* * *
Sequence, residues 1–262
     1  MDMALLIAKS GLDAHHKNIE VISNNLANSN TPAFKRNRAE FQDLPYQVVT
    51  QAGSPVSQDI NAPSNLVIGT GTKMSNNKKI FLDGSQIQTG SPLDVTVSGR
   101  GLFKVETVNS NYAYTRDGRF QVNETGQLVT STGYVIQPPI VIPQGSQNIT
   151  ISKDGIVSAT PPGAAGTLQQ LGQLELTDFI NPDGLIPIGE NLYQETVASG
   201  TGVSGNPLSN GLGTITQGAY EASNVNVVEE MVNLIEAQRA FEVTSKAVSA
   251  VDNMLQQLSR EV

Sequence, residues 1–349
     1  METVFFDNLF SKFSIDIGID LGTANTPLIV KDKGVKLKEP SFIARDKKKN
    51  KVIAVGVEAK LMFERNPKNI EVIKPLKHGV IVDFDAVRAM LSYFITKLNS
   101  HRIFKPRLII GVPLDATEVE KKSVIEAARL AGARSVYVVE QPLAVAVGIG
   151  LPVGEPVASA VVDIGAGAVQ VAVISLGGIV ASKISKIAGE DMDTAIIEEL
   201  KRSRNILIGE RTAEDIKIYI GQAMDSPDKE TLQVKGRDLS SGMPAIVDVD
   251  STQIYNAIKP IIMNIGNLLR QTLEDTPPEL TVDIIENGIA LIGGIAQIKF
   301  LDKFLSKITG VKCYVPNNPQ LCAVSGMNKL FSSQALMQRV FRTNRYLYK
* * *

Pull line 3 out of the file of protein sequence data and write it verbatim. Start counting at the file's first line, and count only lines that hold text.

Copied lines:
    51  QAGSPVSQDI NAPSNLVIGT GTKMSNNKKI FLDGSQIQTG SPLDVTVSGR